Brexit repeal bill an ‘astonishing monstrosity’, says former attorney general
Dominic Grieve told ministers he would not support the bill’s third reading as it stands.
A Tory former attorney general has called the Government’s repeal bill “an astonishing monstrosity” and warned he will vote against it unless it is substantially improved.
Dominic Grieve told ministers that while he would support the proposals at second reading, he would not do so at the bill’s third reading as it stands.
His comments follow those of the Conservative former chancellor Ken Clarke, who had earlier told MPs he may rebel against the European Union (Withdrawal) Bill.
Mr Grieve said: “I shall support the Government at second reading. This is an absolutely vital Bill. We cannot leave the European Union sensibly without such a Bill being on the statute book. The Government needs support and it will have it from me.
“But equally, I have to say that unless this Bill is substantially improved in the course of the committee stage, I regret to have to say to my right honourable and honourable friends, I will be in no position to support it at third reading in its current form.
“It is in many respects an astonishing monstrosity of a Bill.”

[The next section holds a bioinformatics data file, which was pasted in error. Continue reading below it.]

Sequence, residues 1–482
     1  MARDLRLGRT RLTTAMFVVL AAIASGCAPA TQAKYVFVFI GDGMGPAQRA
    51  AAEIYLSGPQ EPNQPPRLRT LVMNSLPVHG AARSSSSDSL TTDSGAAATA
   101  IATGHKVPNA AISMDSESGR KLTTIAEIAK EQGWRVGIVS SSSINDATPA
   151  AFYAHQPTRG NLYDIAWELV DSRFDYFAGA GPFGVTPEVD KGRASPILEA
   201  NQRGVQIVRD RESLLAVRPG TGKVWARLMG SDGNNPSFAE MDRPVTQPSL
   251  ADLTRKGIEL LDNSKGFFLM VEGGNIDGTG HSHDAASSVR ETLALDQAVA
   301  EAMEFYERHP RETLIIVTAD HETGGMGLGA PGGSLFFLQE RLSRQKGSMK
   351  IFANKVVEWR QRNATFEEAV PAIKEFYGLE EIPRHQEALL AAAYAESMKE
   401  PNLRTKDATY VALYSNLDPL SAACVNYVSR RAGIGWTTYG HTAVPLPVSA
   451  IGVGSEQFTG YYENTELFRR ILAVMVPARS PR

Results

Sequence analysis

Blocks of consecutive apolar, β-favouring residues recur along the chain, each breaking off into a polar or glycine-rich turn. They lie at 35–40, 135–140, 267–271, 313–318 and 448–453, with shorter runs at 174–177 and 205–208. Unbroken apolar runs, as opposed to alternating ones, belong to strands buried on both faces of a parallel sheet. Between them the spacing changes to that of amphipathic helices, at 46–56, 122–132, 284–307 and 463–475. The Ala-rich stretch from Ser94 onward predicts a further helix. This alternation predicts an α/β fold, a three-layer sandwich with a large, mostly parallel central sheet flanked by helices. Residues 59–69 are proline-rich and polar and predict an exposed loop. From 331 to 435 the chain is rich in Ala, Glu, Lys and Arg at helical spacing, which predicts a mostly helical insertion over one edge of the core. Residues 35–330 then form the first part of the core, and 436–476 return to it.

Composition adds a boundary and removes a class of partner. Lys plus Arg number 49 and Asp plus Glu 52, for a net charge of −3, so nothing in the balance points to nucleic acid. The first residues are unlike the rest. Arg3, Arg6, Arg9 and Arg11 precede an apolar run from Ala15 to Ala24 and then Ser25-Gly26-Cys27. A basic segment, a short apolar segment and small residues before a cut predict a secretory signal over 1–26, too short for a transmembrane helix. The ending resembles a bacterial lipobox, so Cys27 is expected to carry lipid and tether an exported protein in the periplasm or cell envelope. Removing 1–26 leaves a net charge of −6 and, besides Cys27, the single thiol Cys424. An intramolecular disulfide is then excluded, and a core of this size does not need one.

Mr Grieve said the Bill was unclear in a number of areas in terms of the transfer of EU law.
He went on to call the current situation with the so-called Henry VIII clauses “frankly ridiculous”.
Brexiteer Owen Paterson, the Conservative former environment secretary, also said he hoped the Government “would listen to concerns of how some of the so-called Henry VIII clauses might be amended”.
Tory former education secretary Nicky Morgan added: “Parliamentary scrutiny is not an affront to democracy, it is its very essence. The true saboteurs of Brexit are those who would sanction the exclusion of Parliament on this process.”
The 'Repeal' Bill 'is actually a 'Re-introduction' Bill - making the UK rule-takers not rule-makers - no sign of 'taking back control'— Nicky Morgan MP (@NickyMorgan01) September 7, 2017
Conservative Anna Soubry, a former minister, said there is “growing concern” about the Bill and criticised people for spreading “lies” about those MPs who are seeking to question the proposed laws.
She said: “My biggest concern is this power grab, as I put it, by ministers – this transfer of powers over to ministers with very little, if any, influence or decision and debate by this place and in this chamber.
“I’d like to thank the Prime Minister and (Brexit Secretary David Davis) who have clearly already listened to the many concerns on these benches. I’m having a meeting with others with the Prime Minister and I look forward to that.
“And I look forward in due course to some very serious Government amendments coming forward or perhaps the adoption of amendments which will no doubt be laid by honourable members and right honourable members on this side.
“If anybody tells you that people like me are doing everything we can in scrutinising legislation, laying amendments, perhaps voting for them, that we’re doing it to thwart the people, then they’re telling you lies.
“And I’m not going to put up with it any longer because this needs to be said.”
Ms Soubry said Brexit will happen as she and others had made a promise to voters.